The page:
He’s 27th in the Order of Preference for Gentlemen in the UK – a who’s who of the nobility – the ex-husband to Prince Harry’s godmother and owner of the 2,430-hectare Stowell Park estate in Gloucestershire. More importantly he’s the head of Vestey Group.

The group is a British foodstuff conglomerate founded in Liverpool in 1897, which made its fortune importing meat. It moved into Venezuela in 1903 and bought 11 ranches in prime-quality land (classified in the country as “A1,” the best possible for farming), setting up the Compania Inglesa subsidiary in the country which itself set up Agroflora, the cattle-ranching arm of the business.

The company did well, buying up land in a range of other countries from Australia to China and making vast profits for its owners William and Edmund Vestey. William managed to get ennobled as a baron despite opposition from King George V, who was irritated by his demand for tax-exempt status at the height of World War I.

When this demand was refused they went into tax exile in Argentina before setting up a dodgy if legal scheme involving a French trust fund that enabled them to evade almost all tax in Britain until the loophole was closed in 1991. A Sunday Times investigation once revealed that in 1978 the firm had managed to pay just £10 in tax on a profit of around £2.3 million.

They were at their height called “the richest dynasty in the land apart from the Windsors.” Biographer Philip Knightley wrote: “They did not live on the income, they did not live on the interest from their investments. They lived on the interest on the interest.”

Business and tax evasion went excellently for William’s successors until 2001, when the Chavez government passed a new land law allowing it to look into all landholdings of over 5,000 hectares and forcibly nationalise them with compensation if they were deemed inactive, idle or no project was presented for their development.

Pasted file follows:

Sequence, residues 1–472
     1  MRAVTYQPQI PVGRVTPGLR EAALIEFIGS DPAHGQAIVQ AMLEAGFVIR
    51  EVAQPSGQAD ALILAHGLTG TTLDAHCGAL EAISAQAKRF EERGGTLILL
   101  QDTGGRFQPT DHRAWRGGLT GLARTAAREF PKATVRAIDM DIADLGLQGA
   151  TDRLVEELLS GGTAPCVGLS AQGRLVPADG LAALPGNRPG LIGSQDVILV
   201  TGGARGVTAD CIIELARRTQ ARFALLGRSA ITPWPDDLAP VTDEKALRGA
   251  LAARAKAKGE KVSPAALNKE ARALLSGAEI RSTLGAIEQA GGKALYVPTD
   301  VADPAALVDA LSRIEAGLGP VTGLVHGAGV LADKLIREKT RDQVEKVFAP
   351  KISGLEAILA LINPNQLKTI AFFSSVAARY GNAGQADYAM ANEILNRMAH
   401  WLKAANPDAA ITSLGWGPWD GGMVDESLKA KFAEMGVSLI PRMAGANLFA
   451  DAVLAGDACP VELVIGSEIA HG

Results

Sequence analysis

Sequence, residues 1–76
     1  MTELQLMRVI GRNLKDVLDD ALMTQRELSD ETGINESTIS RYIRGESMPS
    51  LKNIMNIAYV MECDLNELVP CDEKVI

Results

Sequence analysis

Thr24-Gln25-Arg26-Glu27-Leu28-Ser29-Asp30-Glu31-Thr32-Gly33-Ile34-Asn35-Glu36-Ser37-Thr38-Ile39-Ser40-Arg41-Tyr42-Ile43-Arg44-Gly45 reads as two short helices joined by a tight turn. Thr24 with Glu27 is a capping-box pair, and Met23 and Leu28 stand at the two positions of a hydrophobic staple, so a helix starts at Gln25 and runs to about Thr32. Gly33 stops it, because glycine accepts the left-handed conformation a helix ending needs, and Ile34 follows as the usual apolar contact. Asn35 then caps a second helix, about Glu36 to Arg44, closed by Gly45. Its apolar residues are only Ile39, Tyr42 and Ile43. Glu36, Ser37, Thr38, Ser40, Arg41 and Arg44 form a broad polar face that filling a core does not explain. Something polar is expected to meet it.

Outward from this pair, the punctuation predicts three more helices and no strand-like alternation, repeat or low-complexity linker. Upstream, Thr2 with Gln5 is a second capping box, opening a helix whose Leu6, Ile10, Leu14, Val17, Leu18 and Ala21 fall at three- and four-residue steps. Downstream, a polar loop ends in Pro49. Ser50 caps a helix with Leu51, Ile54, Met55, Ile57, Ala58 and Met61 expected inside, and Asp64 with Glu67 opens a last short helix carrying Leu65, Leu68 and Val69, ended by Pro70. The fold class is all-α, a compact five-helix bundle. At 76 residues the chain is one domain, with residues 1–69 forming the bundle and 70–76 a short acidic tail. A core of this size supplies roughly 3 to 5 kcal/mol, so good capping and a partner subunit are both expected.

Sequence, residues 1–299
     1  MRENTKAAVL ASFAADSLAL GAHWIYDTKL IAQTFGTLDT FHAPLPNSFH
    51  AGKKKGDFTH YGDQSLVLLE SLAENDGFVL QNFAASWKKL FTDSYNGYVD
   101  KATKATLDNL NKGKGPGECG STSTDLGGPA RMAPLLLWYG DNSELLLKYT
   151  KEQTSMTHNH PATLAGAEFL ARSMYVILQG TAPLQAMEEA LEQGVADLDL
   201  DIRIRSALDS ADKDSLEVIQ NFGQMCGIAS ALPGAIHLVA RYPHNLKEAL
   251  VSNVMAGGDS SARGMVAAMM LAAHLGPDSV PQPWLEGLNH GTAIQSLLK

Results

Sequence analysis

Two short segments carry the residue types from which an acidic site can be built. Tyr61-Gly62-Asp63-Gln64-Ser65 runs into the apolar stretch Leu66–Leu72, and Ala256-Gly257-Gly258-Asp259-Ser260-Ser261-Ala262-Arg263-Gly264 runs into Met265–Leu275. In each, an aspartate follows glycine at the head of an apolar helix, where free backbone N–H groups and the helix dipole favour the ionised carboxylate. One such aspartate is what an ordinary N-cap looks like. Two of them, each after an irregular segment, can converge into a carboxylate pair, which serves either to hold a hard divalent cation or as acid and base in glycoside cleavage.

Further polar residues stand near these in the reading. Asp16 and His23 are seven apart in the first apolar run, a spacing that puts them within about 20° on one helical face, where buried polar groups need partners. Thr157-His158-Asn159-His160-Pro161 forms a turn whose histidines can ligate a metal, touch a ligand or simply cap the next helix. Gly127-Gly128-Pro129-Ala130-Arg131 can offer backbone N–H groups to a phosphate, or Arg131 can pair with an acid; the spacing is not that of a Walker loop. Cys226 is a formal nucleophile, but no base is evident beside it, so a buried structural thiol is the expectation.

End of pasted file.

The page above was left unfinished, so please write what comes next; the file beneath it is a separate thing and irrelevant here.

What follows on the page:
Spam had a problem – he owned over 420,000ha of land in Venezuela and over 130,000 head of cattle. Twelve of his ranches surpassed the 5,000ha mark. So he held a one-man protest outside Venezuela’s London embassy in February 2001.

Squatters began to settle on his lands and cultivate crops. Though they were making use of previously inactive land, there are reports of these landless farmers being shot at and even murdered by men allegedly paid off by Spam.

In 2005 things got even worse for the tycoon. The government sent troops into his Charcote ranch and confiscated 13,000 cattle. After coming to an agreement with the government Spam received the equivalent of £2.65m in local currency as compensation for two ranches he was forced to give up.

In 2008 there was controversy over the plight of 400 indigenous people who lived on his Morichito ranch. By the terms of the land contract they were literally owned by Spam.